The third problem area is the lack of training of the hospital staff where both the administrative and medical staff is unaware of the threat landscape and best practices in dealing with issues. Aside from that, most hospitals do not know the information technology infrastructure that they have and its vulnerabilities. It is why upgrades and updates are delayed, and devices are often misconfigured.
Boosting Hospital Cybersecurity Effectively
Despite all the problems mentioned, things are not all bad. Technological developments and a regulatory environment can help make hospital security better. The American Hospital Association (AHA) suggests that health organization should prepare and handle their security risks by making it a part of the current governance of the hospital. Cybersecurity should also be a part of the business continuity framework as well as the risk management of the organization.
The hospitals that are implementing the security measures in protecting data and privacy are taking the necessary steps that will help them achieve a stronger and better system. These efforts include:
Automatic log off of the users of the system
A unique identification of all the users
The requirement for strong passwords
Mobile devices have passcodes
Usage of intrusion detection systems
Wireless network encryption
Workstation and laptop encryption
Removable storage media and mobile devices protection
The situation is now improving, although there is still a long way to go for the hospital information technology infrastructure to become genuinely safe.
Implementing the Checklist
It is always necessary to start by identifying the problem first:
Is the knowledge of the hospital staff sufficient when it comes to hospital cybersecurity? Most hospitals focus on providing treatment or the medical aspect of this particular business. Therefore, they only upgrade technology connected to delivering their medical services. They also train and hire good specialists for caring and saving lives. Hospitals should understand that protecting data and strengthening cyber technology is essential as well to ensure the quality of care.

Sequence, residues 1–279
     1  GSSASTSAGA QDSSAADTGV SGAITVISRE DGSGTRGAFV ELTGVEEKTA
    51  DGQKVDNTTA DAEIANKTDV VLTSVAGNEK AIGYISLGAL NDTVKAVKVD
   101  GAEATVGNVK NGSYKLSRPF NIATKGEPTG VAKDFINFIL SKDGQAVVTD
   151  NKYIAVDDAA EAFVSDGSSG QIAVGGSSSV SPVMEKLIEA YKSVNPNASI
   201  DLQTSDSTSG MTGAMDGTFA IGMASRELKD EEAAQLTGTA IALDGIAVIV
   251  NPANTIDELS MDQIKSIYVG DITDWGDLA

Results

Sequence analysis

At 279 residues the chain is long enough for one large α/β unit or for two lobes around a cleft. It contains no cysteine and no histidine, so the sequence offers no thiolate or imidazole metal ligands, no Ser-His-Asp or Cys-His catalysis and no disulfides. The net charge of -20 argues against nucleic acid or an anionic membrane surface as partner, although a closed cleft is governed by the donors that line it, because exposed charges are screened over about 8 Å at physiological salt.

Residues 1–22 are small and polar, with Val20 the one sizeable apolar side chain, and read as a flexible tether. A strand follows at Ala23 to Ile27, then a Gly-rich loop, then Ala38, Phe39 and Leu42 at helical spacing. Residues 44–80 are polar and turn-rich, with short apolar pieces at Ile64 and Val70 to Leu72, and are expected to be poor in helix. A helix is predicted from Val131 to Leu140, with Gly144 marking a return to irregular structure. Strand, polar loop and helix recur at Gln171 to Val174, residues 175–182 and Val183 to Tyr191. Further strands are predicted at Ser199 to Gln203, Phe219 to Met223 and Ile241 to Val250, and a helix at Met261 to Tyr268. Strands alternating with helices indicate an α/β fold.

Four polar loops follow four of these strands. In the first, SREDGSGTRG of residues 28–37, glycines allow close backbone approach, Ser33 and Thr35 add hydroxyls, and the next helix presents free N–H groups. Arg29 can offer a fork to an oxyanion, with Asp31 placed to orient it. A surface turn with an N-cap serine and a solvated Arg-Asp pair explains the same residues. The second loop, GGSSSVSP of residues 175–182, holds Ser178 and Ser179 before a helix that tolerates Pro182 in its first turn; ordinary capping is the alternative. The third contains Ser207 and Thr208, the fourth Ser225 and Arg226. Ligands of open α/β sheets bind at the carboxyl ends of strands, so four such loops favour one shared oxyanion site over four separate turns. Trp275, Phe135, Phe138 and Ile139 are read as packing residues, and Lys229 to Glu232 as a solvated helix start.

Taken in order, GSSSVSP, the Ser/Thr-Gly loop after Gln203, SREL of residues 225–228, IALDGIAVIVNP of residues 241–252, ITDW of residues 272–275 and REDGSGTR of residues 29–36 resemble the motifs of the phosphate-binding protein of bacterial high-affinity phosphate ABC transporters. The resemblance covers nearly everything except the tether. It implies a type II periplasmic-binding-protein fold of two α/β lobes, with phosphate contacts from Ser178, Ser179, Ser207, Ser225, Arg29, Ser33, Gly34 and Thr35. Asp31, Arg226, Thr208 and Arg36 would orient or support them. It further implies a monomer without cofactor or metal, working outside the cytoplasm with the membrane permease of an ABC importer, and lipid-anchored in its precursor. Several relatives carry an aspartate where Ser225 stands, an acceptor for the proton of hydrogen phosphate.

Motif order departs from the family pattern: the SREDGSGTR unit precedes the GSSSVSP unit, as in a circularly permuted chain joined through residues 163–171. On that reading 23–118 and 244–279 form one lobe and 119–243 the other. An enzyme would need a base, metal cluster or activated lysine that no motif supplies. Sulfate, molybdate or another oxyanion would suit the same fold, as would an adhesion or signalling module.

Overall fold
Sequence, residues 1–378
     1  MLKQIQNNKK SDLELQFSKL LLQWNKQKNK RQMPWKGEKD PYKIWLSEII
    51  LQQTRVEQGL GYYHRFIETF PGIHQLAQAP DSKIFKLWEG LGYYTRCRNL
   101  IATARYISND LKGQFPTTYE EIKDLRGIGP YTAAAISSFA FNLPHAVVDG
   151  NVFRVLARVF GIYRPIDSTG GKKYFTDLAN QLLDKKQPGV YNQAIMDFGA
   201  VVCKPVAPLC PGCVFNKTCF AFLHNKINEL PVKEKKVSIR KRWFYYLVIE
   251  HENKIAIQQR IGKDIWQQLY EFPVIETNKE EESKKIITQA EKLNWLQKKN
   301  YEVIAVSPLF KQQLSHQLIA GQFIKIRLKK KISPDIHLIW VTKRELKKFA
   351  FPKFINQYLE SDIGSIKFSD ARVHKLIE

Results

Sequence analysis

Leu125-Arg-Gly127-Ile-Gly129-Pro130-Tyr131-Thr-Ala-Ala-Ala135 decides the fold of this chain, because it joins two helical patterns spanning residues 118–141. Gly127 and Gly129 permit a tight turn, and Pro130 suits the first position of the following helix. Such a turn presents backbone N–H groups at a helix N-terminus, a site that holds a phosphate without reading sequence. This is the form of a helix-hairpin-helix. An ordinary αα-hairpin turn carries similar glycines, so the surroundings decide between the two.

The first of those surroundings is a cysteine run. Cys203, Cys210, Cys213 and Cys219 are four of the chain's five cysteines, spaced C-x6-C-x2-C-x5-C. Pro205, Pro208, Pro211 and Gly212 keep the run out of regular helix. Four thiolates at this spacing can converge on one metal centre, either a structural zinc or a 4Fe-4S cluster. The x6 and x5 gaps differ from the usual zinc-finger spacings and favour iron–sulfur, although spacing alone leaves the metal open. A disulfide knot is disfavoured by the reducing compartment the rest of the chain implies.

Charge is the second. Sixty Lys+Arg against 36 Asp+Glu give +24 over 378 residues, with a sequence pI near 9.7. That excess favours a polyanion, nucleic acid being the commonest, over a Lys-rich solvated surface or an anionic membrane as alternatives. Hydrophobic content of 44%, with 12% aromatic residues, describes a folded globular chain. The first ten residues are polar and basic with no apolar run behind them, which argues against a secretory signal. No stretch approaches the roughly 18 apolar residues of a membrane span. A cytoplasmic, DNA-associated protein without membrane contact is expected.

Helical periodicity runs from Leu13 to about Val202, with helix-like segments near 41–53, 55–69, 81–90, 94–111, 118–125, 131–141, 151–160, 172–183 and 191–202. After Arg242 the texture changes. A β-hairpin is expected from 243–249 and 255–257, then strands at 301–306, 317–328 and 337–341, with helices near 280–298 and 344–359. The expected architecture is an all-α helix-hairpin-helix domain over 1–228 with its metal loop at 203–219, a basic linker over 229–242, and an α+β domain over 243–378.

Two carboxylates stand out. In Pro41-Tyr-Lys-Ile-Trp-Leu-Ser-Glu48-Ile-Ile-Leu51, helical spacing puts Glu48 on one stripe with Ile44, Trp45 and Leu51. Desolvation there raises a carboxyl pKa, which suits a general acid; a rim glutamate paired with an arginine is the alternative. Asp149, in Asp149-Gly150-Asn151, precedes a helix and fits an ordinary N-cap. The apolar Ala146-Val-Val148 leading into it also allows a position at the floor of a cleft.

Is the staff aware that the medical facilities are appealing to the hackers? With inadequate security in the cyberspace, healthcare organizations are an easy target.
Financial data of the patients can be very lucrative for the criminals.
Size corresponds to the threat where bigger organizations face greater dangers than smaller ones. More people are in the system, so more possibilities of exploitation exist.
Can the processes remain consistent? Healthcare organizations face difficulties in creating and applying procedures and standards in security. It is crucial that the security measures and best practices are identified and are the same for all the departments in the hospital.
Are all the networks safe? Hospitals typically rely on shared wireless networks, and this feature can create vulnerabilities.
If you own or run a hospital, there are a few steps that you can take so that the business will remain prepared and protected at all times. Here are some suggestions:
Use better technology to protect the data of the patients and prevent the systems from getting attacked. Have a more advanced piece of software, including one with multifactor authentication. Some of the best practices to copy from specific industries include tokenization, improved monitoring systems, biometrics-based applications, and blockchain technology.
Prioritizing infrastructure advancements for cyber safety is a must. A healthcare organization should allocate some budget for its improvement. It is expensive, but it is costlier to lose data. Just employing one specialist or upgrading a system can lead to substantial progress.
Have a more secure network by using encryption and segmentation.
If the hospital can afford it, purchasing insurance can be valuable. Cyber insurance is now a trend, particularly at financial organizations and healthcare facilities will also benefit from it.
Staff and even patients should be trained. Human errors open doors for hacker attacks, including phishing, which is considered the top cause of a data breach these days. It is significant that the healthcare organizations inform everyone about how they can help boost the cyber protection of the hospital. They can provide information leaflets and handbooks, even emails, workshops, and seminars to educate the staff and the people who use the services of the hospital.
IT specialists should be hired since they know the pitfalls and traps of cyber-attacks. If the hospital does not have enough professionals for security, it is possible to use the experience of other people who can deal with the problem.
Companies are everywhere where they can supply specialists and knowledgeable persons for the job. The company, however, should be HIPAA-compliant and should also be ISO-certified. Solid experience in hospital IT is also useful.
The landscape of cybersecurity for hospitals is currently changing. It is still challenging to navigate, but focusing on its importance can make taking care of healthcare information privacy much easier in the coming years.